The Santa Barbara Maritime Museum (SBMM) is pleased to present “Southern California Beach Culture from George Freeth to World War II” a lecture by Patrick Moser taking place on Thursday, July 20, 2023 at 7:00 p.m. The presentation, incorporating some of the stories from Moser’s book, Surf & Rescue, will be enhanced with original photographs of the people and places who built California beach culture in the first half of the 20th century. Cost is free for SBMM’s Navigator Circle Members, $10 for all other members, and $20 for members of the public. There will also be a pre-lecture reception for members only from 6:15-6:45 p.m. Learn more about the event and register here: https://sbmm.org/santa-barbara-event/santa-barbara-maritime-museum-presents-southern-california-beach-culture-from-george-freeth-to-world-war-ii-a-lecture-with-patrick-moser/
Moser’s presentation introduces the early history of California beach culture as we recognize it today—surfing, lifeguards, and the image of California’s beaches as places of fun, health, and sex appeal. The arc of that story began with the arrival of native-Hawaiian George Freeth in Southern California in 1907. He made headlines with his rescue of seven fishermen, an act of heroism that highlighted his innovative lifeguarding techniques; but he also funded California’s first surf club and coached both male and female athletes including Olympic swimming champion and “father of modern surfing” Duke Kahanamoku. Freeth combined surfing and lifeguarding to create the foundation of what would become an important part of the Golden State’s global identity.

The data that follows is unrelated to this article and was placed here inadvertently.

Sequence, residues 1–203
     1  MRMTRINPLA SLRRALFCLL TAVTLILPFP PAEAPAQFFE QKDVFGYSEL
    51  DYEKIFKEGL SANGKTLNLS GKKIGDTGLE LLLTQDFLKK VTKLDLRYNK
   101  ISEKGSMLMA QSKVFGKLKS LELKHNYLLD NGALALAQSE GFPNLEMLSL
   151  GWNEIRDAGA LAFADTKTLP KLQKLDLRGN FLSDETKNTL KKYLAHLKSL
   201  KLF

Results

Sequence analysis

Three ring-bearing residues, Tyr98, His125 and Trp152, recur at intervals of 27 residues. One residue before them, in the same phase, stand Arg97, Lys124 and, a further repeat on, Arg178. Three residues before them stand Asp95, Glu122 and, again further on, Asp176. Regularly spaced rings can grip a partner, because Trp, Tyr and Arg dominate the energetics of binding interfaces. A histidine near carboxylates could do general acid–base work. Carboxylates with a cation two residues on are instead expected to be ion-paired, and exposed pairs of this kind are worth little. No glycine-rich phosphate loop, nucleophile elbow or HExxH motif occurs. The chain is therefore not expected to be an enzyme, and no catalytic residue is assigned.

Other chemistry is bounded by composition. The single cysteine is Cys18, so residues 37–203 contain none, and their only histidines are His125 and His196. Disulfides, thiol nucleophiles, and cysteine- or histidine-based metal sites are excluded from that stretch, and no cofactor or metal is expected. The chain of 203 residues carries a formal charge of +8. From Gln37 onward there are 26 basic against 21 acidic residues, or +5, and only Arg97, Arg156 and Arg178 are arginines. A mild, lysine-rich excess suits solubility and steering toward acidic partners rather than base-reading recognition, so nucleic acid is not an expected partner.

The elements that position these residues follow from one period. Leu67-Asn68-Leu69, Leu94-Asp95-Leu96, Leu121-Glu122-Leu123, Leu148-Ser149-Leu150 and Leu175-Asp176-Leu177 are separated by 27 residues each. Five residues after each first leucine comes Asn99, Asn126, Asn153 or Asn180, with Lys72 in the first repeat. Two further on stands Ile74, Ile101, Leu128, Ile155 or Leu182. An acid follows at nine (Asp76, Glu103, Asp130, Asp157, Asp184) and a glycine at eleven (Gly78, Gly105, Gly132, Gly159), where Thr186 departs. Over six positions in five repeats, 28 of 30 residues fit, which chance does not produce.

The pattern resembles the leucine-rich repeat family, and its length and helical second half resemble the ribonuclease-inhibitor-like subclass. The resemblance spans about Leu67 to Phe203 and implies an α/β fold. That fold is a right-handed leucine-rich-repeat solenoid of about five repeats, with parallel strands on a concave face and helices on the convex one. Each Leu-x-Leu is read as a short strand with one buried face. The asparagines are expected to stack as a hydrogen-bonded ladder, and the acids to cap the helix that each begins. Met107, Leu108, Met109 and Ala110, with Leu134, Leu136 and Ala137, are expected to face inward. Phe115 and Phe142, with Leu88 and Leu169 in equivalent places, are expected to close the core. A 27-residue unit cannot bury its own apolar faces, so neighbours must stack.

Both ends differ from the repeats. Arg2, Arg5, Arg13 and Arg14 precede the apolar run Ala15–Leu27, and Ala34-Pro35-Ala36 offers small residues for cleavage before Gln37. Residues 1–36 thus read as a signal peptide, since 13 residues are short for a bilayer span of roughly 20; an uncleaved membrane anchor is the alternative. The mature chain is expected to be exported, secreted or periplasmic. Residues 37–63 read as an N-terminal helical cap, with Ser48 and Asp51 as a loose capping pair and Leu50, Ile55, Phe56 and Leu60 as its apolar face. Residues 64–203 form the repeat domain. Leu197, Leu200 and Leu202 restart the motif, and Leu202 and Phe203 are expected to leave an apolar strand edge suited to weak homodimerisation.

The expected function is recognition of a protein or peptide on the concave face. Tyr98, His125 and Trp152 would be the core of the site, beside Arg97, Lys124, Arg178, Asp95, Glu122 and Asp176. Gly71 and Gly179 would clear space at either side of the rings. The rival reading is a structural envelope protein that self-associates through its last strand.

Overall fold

After Freeth passed away in the flu pandemic of 1918-1919, a new crew of lifeguards and surfers continued his legacy, along with the rise of private clubs and the glamour of Hollywood. In the 1920s, that included Hawaiian Duke Kahanamoku. In the 1930s, the arrival of Tom Blake’s hollow paddleboards, from San Diego to Santa Barbara, along with the influence of surfing clubs and competitions, gave California a homegrown beach culture and helped it create a coastal identity distinct from Hawaiian influences. For a brief overview and trailer for this presentation, visit https://www.youtube.com/watch?v=5LdyNlGjRXo&t=332s.
This event is generously sponsored by Marie L. Morrisroe.
About the Speaker
Patrick Moser is a professor in the Languages and Literature Department at Drury University in Springfield, Missouri. He is the author of Surf and Rescue: George Freeth and the Birth of California Beach Culture (University of Illinois Press, 2022) and the editor of Pacific Passages: An Anthology of Surf Writing (University of Hawai‘i Press, 2008). He has published articles on surf history in the Journal of the Polynesian Society, The Critical Surf Studies Reader, and the Pacific Historical Review. He also publishes articles in mainstream surf magazines and has collaborated on two books with world surfing champion Shaun Tomson—Surfer’s Code and The Code: The Power Of “I Will.” He is currently at work on a new book, Waikīkī Dreams: Building California Beach Culture during the Great Depression.